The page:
A well-managed rotation offers good weed control because you are varying drilling date, inter-crop window, crop and cultivations. The very act of changing tactics and herbicide choice reduces the risk of resistance build-up.

The best rotations rely on a good mix of broadleaved and cereal crops. Including an occasional spring crop in an autumn-dominated rotation can significantly reduce the weed seed bank.

Rotational ploughing can offer many benefits, but done badly it can do more harm than good. Ultimately fallow is an option to include in the rotation, and can be cost-effective in high blackgrass situations, especially if included as an Entry Level Stewardship (ELS) option. Make sure your priority remains weed control, however – some ELS options restrict herbicide choice. Be careful you don't supplement the seed bank – weeds left unchecked with no competition bring a far bigger problem than you started with.

How can drilling date help?

Delayed drilling offers up to 82% control. But again manipulating drilling date can do more harm than good. The key is a good knowledge of when your target weeds germinate (see below).

germination-date-table

Germination-date-tableAt drilling you will naturally create the ideal conditions for the weeds to germinate, so ideally you want to delay drilling until after the main flush of your target weeds has passed. You will not only get lower numbers in the subsequent crop, those plants that do survive will be weaker. They will be easier to control with herbicide and produce less seeds per head.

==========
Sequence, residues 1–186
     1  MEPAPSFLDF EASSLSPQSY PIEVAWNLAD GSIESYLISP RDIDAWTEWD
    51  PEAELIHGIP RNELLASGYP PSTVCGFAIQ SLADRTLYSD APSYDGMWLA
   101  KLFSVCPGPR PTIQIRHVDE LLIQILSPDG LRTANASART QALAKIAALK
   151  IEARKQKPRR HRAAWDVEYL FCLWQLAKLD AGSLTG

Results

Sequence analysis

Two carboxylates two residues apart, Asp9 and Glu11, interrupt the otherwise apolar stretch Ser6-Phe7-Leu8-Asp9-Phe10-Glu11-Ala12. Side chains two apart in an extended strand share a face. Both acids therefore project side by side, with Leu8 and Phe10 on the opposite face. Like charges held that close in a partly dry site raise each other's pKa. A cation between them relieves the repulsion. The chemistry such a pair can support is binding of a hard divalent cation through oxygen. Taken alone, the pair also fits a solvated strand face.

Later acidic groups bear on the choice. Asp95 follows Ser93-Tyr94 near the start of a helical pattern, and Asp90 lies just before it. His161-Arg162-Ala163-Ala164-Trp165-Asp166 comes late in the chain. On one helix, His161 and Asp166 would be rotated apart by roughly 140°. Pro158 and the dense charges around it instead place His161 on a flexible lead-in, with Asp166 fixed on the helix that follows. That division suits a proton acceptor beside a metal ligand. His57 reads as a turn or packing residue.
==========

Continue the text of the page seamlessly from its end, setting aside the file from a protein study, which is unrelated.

The longer the delay in the autumn the better: Sowing cereals in early to mid-October, rather than September, can reduce blackgrass plant densities by about 14%. But waiting until November brings reductions of about 70%. The downside is reduced yield and lower crop competition. Drilling the weediest fields last could be the best compromise.

What about crop competition?

Seed rate and variety choice do have a significant influence. Both can typically achieve up to 30% control. The more crop, the less space there is for grassweeds to develop. A high plant count in the autumn is the aim, but this must be balanced against other agronomic factors, such as lodging and disease.

Cereal cultivars with good early vigour and a planophile leaf will help smother weeds in autumn. This is where the leaf turns over as it emerges and flattens out. Varieties that grow tall will help shade out surviving grassweeds and reduce seed return.

What other options are there?

There are other options that have varied results, depending on time and resource available. Weed rakes have been found to help reduce and weaken grassweeds. Roguing helps reduce specific bad patches that could spread through the field.

These can be removed with a knapsack sprayer in autumn or mature plants hand-rogued nearer harvest. Cleaning the harvester between fields can help reduce the spread of weeds such as wild oats and meadow brome.

Golden rules

Do

  • As much as you can to give herbicides as little as possible to control
  • Consider using the plough, at least in rotation
  • Think about introducing a spring crop if you have an all-autumn rotation
  • Drill the weediest fields last

Don't

  • Plough in a high weed infestation then bring the surviving seeds back up the next year
  • Drill just before your target weeds are likely to germinate
  • Reduce seed rates in weed-infested fields
  • Let grassweeds get out of control on an ELS option plot